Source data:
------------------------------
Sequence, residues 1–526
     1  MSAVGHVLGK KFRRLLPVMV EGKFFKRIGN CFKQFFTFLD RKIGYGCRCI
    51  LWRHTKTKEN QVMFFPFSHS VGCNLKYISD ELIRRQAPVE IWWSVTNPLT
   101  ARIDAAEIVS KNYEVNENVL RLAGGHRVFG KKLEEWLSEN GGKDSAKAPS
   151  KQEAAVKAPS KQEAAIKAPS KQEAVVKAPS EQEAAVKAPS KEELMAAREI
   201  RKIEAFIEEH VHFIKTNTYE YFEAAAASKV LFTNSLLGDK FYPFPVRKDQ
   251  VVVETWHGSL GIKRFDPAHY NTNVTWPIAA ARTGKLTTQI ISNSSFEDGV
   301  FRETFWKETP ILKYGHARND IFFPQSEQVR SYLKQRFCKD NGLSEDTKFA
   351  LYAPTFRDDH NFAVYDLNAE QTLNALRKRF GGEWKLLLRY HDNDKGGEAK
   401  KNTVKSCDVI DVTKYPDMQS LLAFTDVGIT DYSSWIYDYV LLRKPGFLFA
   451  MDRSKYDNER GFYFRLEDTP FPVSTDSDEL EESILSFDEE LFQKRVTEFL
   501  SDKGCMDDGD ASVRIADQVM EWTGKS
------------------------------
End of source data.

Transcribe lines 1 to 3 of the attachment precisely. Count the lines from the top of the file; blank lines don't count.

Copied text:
Sequence, residues 1–526
     1  MSAVGHVLGK KFRRLLPVMV EGKFFKRIGN CFKQFFTFLD RKIGYGCRCI
    51  LWRHTKTKEN QVMFFPFSHS VGCNLKYISD ELIRRQAPVE IWWSVTNPLT